ROCKPORT — More than a few contradictions surround Nathaniel Mulcahy’s campaign to represent the 6th Congressional District in the House, and the Rockport resident, climate activist and inventor says he wouldn’t have it any other way.

Among the most obvious apparent contradictions as Mulcahy ramps up his campaign to unseat fellow Democrat Seth Moulton of Salem in the September 2020 Democratic primary:

A pillar of Mulcahy’s platform is disciplined defense spending in a district that despite years of steady declines in the sector still relies on it for thousands of jobs.

Despite the power incumbents amass through a Congressional committee system that rewards longevity and the fundraising advantages enjoyed by incumbents, Mulcahy says if elected he’ll serve just one term —in large part to avoid dedicating the extraordinary hours required for raising money.

Although his campaign would appear to be poised to draw its strongest support from the most liberal members of his party, Mulcahy appears far more interested in discussing his main issue — climate change — and economic issues than in joining choruses of criticism targeting President Donald Trump.

Moulton, 41, has represented the district, which includes the North Shore, since unseating John Tierney in the 2014 Democratic primary and then beating Republican Richard Tisei.

Women’s mental health advocate Jamie Zahlaway Belsito and gun violence prevention advocate Angus McQuilken, both of Topsfield, are also challenging Moulton. In March, Rockport carpenter Christopher Fisher said he wanted to run as an independent.

Turnout and challenge

Mulcahy, 55, recently outlined what he says will be “a different kind of campaign.”

For starters, he says, he will campaign in the same manner he will perform in office. He says that means that instead of using focus groups or polling to hone winning positions, he will clearly articulate legislative plans. Mulcahy supports Bernie Sanders’ presidential campaign and credits the Vermont senator with the idea.

Mulcahy presents as light-hearted when discussing even the most serious topics, but he comes off as disgusted when it comes to voter turnout.

Referring to the percentage of eligible 6th District voters who turned out for the 2016 presidential primary, he said: “Our district shaped the nation. At an 8.84 percent voter turnout rate, we’re not shaping anything, not even our district.”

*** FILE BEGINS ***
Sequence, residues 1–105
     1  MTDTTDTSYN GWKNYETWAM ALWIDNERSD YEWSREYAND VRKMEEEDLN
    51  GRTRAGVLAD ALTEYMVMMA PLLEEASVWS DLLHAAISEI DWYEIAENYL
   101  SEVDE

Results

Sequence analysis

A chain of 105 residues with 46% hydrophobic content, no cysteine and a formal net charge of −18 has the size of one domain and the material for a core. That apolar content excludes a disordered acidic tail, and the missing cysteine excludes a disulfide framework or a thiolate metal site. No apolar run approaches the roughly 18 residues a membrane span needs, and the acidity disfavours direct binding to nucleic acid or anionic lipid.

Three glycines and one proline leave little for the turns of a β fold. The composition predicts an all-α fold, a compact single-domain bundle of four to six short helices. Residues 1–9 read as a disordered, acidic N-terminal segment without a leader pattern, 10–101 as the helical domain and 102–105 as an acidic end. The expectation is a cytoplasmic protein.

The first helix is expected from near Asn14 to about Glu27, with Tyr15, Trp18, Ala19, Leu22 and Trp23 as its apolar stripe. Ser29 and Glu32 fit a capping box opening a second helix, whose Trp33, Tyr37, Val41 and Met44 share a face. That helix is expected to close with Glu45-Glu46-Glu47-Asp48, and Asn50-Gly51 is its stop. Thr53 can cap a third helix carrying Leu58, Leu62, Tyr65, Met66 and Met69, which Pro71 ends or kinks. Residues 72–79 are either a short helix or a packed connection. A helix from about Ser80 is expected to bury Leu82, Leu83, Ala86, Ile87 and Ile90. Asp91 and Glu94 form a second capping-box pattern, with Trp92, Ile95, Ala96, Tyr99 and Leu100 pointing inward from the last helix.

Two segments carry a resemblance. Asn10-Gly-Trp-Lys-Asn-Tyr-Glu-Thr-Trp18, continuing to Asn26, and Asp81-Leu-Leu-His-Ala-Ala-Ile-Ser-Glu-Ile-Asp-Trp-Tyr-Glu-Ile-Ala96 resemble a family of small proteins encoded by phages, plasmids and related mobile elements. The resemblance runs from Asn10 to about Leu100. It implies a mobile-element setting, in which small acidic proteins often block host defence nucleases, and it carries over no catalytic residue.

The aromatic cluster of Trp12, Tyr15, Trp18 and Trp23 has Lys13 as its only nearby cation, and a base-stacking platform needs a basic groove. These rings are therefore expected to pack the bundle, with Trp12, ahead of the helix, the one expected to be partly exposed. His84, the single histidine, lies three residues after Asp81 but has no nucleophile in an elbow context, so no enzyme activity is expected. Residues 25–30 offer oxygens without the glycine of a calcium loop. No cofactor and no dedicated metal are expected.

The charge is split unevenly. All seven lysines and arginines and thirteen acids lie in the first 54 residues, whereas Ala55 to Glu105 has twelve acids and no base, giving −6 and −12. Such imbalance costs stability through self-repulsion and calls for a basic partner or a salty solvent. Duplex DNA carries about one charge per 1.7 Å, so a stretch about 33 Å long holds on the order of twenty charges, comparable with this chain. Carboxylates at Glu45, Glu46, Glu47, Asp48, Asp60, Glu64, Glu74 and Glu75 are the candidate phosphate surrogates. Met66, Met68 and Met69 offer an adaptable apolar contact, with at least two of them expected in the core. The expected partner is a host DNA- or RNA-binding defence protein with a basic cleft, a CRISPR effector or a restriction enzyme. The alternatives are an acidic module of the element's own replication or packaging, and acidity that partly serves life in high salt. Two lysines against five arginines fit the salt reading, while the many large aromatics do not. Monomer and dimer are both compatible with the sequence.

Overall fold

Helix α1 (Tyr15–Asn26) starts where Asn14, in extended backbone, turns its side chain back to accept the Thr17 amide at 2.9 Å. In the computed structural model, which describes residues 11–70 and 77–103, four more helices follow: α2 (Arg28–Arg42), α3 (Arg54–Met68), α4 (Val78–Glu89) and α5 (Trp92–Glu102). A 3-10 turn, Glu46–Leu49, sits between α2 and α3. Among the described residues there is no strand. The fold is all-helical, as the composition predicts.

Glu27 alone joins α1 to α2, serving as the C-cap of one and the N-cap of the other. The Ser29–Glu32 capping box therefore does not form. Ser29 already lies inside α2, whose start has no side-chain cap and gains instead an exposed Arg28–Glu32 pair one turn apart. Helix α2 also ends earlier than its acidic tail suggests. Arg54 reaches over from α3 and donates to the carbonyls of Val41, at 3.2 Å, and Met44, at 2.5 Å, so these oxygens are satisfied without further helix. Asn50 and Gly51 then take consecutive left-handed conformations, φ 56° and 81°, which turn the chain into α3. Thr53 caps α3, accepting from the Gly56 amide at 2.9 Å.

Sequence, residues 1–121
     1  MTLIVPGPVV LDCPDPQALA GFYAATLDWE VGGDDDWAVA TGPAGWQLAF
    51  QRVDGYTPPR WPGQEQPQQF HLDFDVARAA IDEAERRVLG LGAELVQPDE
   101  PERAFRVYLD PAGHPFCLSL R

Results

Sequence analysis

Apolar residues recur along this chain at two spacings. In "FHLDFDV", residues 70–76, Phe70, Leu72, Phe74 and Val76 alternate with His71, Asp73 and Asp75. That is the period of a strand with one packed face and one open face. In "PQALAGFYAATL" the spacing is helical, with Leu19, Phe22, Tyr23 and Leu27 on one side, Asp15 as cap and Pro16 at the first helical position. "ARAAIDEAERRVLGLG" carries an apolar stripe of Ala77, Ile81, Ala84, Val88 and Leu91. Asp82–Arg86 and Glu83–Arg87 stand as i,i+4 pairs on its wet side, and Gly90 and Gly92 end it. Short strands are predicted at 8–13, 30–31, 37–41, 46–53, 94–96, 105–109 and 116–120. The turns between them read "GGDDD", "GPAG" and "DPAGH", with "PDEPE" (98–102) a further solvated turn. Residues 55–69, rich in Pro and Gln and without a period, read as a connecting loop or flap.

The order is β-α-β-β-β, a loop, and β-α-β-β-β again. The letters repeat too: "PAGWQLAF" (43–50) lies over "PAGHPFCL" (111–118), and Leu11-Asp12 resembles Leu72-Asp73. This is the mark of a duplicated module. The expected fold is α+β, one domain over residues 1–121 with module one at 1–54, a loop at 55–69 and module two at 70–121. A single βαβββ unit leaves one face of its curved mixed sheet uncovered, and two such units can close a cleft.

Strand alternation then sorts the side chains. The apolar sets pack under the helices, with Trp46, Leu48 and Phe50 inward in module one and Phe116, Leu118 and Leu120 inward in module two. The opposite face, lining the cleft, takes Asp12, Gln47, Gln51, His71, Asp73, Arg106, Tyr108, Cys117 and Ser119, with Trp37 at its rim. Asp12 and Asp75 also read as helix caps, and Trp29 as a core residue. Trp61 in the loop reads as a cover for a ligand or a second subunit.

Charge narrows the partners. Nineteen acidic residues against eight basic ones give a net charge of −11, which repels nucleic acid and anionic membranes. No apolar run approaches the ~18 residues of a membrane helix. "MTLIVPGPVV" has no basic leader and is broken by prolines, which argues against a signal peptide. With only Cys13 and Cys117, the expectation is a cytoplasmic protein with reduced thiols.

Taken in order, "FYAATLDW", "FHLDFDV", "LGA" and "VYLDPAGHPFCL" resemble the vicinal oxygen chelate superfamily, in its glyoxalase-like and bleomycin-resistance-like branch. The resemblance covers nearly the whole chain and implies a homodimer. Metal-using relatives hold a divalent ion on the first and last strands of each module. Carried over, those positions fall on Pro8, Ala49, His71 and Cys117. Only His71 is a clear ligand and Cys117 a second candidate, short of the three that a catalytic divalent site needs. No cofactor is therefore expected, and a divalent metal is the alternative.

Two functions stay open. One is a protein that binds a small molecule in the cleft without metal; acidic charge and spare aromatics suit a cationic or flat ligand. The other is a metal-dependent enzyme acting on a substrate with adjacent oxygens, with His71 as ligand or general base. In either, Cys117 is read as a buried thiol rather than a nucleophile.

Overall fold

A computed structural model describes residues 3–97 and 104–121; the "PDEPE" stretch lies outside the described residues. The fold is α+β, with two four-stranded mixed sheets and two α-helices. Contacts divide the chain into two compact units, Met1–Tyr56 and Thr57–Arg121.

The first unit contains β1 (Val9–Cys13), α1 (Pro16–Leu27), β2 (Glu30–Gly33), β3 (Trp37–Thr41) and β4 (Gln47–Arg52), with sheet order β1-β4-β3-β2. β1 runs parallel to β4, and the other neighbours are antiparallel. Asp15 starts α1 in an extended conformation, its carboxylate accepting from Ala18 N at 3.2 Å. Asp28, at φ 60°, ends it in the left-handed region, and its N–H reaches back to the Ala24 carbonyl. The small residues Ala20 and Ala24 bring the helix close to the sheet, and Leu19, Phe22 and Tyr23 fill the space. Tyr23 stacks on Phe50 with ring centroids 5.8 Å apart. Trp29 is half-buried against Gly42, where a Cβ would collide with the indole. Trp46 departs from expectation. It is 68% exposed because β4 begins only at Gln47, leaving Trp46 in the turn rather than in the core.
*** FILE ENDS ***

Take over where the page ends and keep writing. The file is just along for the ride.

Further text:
Asked to assess his fellow Democrats vying to unseat Moulton, Mulcahy had nothing negative to say. Moulton, he said, “is a good guy, but one of the reasons I’m running is he isn’t addressing the issues that need addressing.” For Mulcahy, those issues are connected with man-made climate change.

WorldStove and Medicare

Mulcahy’s road to climate activism and then politics was circuitous.

He earned a bachelor’s degree from the University of Massachusetts Amherst, where he studied mechanical and industrial engineering, and a master’s degree from Washington University in St. Louis. For his doctorate, he went to Italy — growing up, he spent half of each year in Italy and half in Western Massachusetts. Mulcahy’s curriculum vitae lists positions at Gillette, Lego, Textron and Emerson Electronics.

In 2008, Mulcahy sought a patent for a device he says allows cooking or heating in an extremely low-emissions manner. In 2012 he obtained a trademark for the WorldStove, which was born of a life-and-death accident.

Mulcahy was working days as head of research-and-development for a large industrial company and Saturdays on WorldStove when he fell down a set of stairs and broke his neck. Paramedics credited his dog, Lucia, with saving his life. During more than two years of hospitalization and rehabilitation, Mulcahy had abundant time to think — and concluded by the time he was back on his feet that he would make WorldStove a full-time endeavor. The experience — and the $38 total bill he paid — is one reason Mulcahy believes a program such as Medicare-for-all is right for the United States.

Mulcahy’s paying job these days is running, from Rockport, a WorldStove operation of about 15 people that is based in Northern Italy and oversees franchises in about three dozen countries. Mulcahy says about 750,000 WorldStoves are in use globally. Expanding use of WorldStove has taken Mulcahy to impoverished zones around the world.

Mulcahy exudes inquisitiveness. It was his curiosity regarding a state shellfish laboratory on Plum Island that led him to walk in one day and ask what was done there, says scientist Diane Regan, a Newburyport resident who greeted him that day and who became friends with Mulcahy.

“I would say he is hardworking, he is dedicated, he is true to his word,” Regan, a self-described “staunch independent,” said. “He is well-learned. He researches.”

Federal Election Commission records show Mulcahy giving less than $100 to political causes in recent decades, all of it to the organization Act Blue and earmarked for either Sanders or U.S. Rep. Tulsi Gabbard, D-Hawaii.

Mulcahy says he entered the congressional race in response to encouragement from a group he won’t yet identify; he says he promised not to. Asked whether Sanders might endorse his candidacy, Mulcahy said: “I would be delighted to have an endorsement from Bernie. It’s not expected in any way.”

Mulcahy and his wife, Jessica, live in Rockport and have 3-year-old twins.

Beyond professional and political activities, Mulcahy says, he is an active member of St. Joachim Parish in Rockport. He says the Roman Catholic Church’s teachings on abortion and sexuality would not affect his legislative work.

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